Time to stand up to the stigma of mental illness

By May 8, 2020 No Comments
the stigma of mental illness

Throughout history, mental illness has been greatly stigmatized in societies around the globe. It was even believed to be a mark of the devil, considered a moral punishment, and what not. Although the awareness about mental disorders has come along away over the past decades, research shows that the stigma surrounding mental illness is still widespread in our society. This is, to an extent, due to media stereotypes and lack of education. Most people tend to attach negative stigmas to mental health conditions without even completely understanding what it is and how dangerous its effects can be. People living with mental illness have to undoubtedly face two challenges; Not only do they struggle with the symptoms and disabilities of the disease but they are also challenged by the stereotypes and prejudice that take root from misconceptions about mental illness. As a result, the opportunity of living a normal life is robbed from these people. They are treated differently, they’ve been called names, their symptoms have been referred to as “a phase” and not given as much importance as other diseases and disabilities, such as cancer or diabetes. Even now, despite all the advances in psychiatry and psychology, anyone dealing with mental illness can tell you, a great deal of stigma remains. This stigma can cause people to feel hopeless, ashamed and afraid of being judged negatively. It prevents people from seeking the help they need. Certainly the stigma has reduced in recent years, but it still lacks the pace that is required for people to come out freely and accept that they need help without being scared of what others might think.

Types of Stigma

There are mainly two types of stigma: Social stigma and Self-Stigma.

Social Stigma

Social stigma, or public stigma, is the negative stereotypes faced by those with mental health issues. These stereotypes seem to be widely endorsed by the general public who use these to define the person, discriminate them, and prevent them from living a normal life. While it may seem that our society has accepted the medical nature of this condition and the need for treatment, an astonishing number of people still have a negative view of those with mental illness. For example, it is often seen that “normal” people tend to avoid those suffering from the illness, no matter how close they once were. People with mental health problems may even find it harder to get a house or a decent job. They are forced into isolation, which results in worsening their condition.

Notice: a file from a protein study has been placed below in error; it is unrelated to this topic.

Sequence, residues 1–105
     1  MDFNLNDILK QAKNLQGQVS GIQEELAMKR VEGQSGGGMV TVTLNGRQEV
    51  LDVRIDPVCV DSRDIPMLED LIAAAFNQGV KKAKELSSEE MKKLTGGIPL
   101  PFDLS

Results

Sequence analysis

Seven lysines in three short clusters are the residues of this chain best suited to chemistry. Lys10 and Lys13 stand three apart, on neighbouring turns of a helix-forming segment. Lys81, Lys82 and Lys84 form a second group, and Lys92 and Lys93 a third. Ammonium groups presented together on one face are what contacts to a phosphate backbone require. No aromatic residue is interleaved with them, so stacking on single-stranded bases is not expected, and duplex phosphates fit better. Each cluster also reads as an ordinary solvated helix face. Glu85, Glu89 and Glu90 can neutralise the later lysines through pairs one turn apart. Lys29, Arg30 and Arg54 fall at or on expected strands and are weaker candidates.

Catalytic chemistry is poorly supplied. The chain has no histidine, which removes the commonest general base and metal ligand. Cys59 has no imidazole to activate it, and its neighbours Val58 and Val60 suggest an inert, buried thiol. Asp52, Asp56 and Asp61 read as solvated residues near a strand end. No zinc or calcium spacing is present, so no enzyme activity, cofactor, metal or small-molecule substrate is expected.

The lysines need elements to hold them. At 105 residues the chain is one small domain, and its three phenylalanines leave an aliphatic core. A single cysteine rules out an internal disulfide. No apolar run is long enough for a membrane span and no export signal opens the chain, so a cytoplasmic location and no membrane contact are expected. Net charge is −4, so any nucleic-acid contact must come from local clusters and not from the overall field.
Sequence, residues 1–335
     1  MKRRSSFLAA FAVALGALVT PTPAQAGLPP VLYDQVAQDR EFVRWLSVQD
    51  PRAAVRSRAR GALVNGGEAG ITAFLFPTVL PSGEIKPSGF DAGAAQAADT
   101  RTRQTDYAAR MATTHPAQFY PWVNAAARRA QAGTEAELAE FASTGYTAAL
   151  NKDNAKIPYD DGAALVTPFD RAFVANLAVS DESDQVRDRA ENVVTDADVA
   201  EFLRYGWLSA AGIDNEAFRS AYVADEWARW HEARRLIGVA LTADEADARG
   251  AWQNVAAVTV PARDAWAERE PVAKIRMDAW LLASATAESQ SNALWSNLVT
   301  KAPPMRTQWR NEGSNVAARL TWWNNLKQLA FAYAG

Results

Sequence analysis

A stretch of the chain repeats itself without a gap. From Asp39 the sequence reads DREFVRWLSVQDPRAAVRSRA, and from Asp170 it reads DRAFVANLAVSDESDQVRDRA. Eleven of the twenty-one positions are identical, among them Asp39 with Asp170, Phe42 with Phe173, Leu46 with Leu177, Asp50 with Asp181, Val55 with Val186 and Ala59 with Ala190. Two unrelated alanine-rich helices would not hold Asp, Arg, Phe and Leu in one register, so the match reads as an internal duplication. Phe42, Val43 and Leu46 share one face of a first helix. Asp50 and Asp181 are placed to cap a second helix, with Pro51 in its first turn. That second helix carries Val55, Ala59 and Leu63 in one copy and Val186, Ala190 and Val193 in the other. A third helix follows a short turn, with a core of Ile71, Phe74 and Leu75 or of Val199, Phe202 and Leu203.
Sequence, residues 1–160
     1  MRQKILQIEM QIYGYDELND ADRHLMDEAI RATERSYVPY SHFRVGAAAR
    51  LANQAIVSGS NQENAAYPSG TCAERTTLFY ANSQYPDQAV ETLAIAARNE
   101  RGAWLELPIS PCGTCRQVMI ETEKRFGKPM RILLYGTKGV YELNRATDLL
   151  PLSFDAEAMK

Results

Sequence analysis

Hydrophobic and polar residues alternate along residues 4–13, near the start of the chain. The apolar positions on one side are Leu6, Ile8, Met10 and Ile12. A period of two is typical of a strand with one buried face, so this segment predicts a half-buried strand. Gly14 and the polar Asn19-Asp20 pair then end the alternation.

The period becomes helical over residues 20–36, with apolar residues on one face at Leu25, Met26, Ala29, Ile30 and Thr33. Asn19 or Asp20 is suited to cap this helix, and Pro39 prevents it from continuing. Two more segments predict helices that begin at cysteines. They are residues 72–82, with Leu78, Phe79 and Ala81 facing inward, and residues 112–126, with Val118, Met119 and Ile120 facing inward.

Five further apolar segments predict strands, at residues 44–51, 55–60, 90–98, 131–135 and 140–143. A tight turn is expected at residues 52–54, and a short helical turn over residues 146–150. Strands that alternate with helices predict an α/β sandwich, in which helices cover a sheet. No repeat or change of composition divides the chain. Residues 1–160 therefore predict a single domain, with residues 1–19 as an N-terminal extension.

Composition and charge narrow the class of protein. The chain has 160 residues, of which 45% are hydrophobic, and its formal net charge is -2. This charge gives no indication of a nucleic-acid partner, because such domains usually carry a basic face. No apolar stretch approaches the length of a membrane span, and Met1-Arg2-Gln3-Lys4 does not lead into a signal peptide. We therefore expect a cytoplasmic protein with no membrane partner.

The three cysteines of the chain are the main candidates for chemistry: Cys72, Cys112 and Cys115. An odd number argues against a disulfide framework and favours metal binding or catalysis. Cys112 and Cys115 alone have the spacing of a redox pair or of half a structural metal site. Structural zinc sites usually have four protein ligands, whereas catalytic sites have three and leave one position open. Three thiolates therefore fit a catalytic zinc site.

Self-perceived stigma involves an internal battle the person with the mental illness faces. Due to the social stigma, individuals suffering from mental disorders often have low self-esteem, lack of hope, doubt, and fear of being misjudged. Perceived stigma often comes along with internalized shame about having a mental illness, it makes people recluse, blame themselves for something they have no control over, be embarrassed to speak of what they are going through, and show reluctance to seek help to get the required treatment. This can also lead to suicidal thoughts and self-harm.

Effects of the Stigma

Both stigmas have great impact on the lives of people with mental illness and their families as well. It affects them to an extent that they would prefer suicide over the mental trauma they have to face each and every day. It can be painful for them to explain what they are experiencing and still not be understood. This fear of rejection may lead to isolation and shame. Stigma can also take form of harassment, bullying, and even violence.

Out of the ten people diagnosed with mental disorders, almost 9 of them say that stigma and discrimination have negative impacts on their lives. The situation is made worse by the media, who often link mental illness with violence, portraying people with mental health problems as dangerous, criminal, evil, or unable to live normal lives. Studies show that a great way to challenge this stigma is through education and awareness about mental illness. Many national and local campaigns are trying to change public attitudes toward mental illness.

Here are some of the ways we can play a part in helping eliminate the existing stigma of mental illness:

  1. Know the Facts- Educate yourself about mental disorders, its effects, its treatment, etc. You must keep in mind that each person faces different battles to overcome this illness.
  2. Choose Your Words Carefully- We may often say things without giving it a second thought. But word do matter, especially to those who are sensitive. So choose your words wisely.
  3. Support People- Don’t let the social stigma get to you; treat everyone equally, support and encourage those who need you at their weakest moment.
  4. Treat Mental Pain Like You Would Physical Pain- Making mental health less important than physical health may hurt those suffering from it, often delaying treatment and recovery. Know that mental illness is real and its effects are just as painful.
  5. Educate others- Talk openly about mental health; share your knowledge, encourage positive attitude and challenge the stigma surrounding mental illness.


Reasons to why people develop mental illness may be many; some are genetic while some result from childhood trauma, and some stem from environmental injustice. We never really know what triggers it for them. But as a society, we must do our best to help them win this battle. We must raise our voices against the stigma and eliminate it once and for all.